During his time as mayor, Fleming attempted to have the city's growing electrical needs provided for by the Great Western Power and Manufacturing Company of Ontario. However he was unable to secure their services, as city council balked at the company's prices. Later in the year, a small explosion at Brandon Electric caused a city wide black-out. In 1906, he succeeded S. E. Clement as Brandon’s Chief Magistrate, and thus did not continue as mayor.
After Clifford Sifton's resignation in 1907, Fleming ran as the Liberal candidate in the federal election. Despite his apparent local popularity, he lost the election. He blamed it on the fact that he was an ex-mayor, saying it had been impossible not to make enemies.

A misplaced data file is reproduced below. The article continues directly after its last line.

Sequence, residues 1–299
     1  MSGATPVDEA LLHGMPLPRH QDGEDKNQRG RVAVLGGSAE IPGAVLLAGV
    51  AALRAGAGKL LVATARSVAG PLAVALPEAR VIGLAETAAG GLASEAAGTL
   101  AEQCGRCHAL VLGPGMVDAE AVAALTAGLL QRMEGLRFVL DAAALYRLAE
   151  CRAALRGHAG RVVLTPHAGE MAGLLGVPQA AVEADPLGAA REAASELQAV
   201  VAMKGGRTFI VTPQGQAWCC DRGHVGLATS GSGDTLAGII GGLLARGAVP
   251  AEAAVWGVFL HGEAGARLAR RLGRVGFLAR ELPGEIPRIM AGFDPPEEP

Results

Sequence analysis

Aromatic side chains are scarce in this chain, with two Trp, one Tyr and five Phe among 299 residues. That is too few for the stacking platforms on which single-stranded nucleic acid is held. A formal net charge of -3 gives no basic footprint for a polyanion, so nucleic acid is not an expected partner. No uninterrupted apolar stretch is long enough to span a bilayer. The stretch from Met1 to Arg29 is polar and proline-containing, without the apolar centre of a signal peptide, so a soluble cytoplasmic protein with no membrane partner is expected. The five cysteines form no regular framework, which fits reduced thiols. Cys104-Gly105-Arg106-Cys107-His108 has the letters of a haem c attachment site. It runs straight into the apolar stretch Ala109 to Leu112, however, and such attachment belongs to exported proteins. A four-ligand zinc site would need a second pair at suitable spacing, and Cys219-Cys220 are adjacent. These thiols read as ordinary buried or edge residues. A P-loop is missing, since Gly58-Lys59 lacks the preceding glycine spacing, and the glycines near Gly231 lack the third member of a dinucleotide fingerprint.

In 1910, while serving as an alderman, he resigned along with Alderman Whillier and Mayor Adolph, protesting the way in which the city council handled the awarding of new gas and electric contracts.

In 1911 Fleming was again elected as mayor. In 1913, he inaugurated Brandon’s first street car service, and insisted that more money needed to be spent to enlarge it, to ensure that “Brandon would forsake village ideas”. 1913 also saw the Dominion Fair held in Brandon, which was a success in every way, except financially. It’s final cost, which was to be paid by the city, was proving to be very unpopular, and lead to Fleming's resignation.

After the Liberals returned to power in 1915, John Fleming was appointed the Clerk of Legislative Assembly. Fleming lived in Brandon until his death on November 10th, 1928.


Fleming, Alexander